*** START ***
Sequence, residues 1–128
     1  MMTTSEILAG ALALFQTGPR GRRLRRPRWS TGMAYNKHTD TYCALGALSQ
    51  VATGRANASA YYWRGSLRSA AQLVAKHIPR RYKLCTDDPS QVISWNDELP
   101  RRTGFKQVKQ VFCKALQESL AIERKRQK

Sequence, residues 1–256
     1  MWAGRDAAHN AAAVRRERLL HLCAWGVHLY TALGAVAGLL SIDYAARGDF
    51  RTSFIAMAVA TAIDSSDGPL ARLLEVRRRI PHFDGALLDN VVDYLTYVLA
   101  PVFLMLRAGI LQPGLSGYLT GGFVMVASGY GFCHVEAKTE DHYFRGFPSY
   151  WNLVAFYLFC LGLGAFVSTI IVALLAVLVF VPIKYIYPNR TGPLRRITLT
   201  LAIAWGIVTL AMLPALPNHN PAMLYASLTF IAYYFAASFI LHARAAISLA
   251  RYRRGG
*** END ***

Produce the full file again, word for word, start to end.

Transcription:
Sequence, residues 1–128
     1  MMTTSEILAG ALALFQTGPR GRRLRRPRWS TGMAYNKHTD TYCALGALSQ
    51  VATGRANASA YYWRGSLRSA AQLVAKHIPR RYKLCTDDPS QVISWNDELP
   101  RRTGFKQVKQ VFCKALQESL AIERKRQK

Sequence, residues 1–256
     1  MWAGRDAAHN AAAVRRERLL HLCAWGVHLY TALGAVAGLL SIDYAARGDF
    51  RTSFIAMAVA TAIDSSDGPL ARLLEVRRRI PHFDGALLDN VVDYLTYVLA
   101  PVFLMLRAGI LQPGLSGYLT GGFVMVASGY GFCHVEAKTE DHYFRGFPSY
   151  WNLVAFYLFC LGLGAFVSTI IVALLAVLVF VPIKYIYPNR TGPLRRITLT
   201  LAIAWGIVTL AMLPALPNHN PAMLYASLTF IAYYFAASFI LHARAAISLA
   251  RYRRGG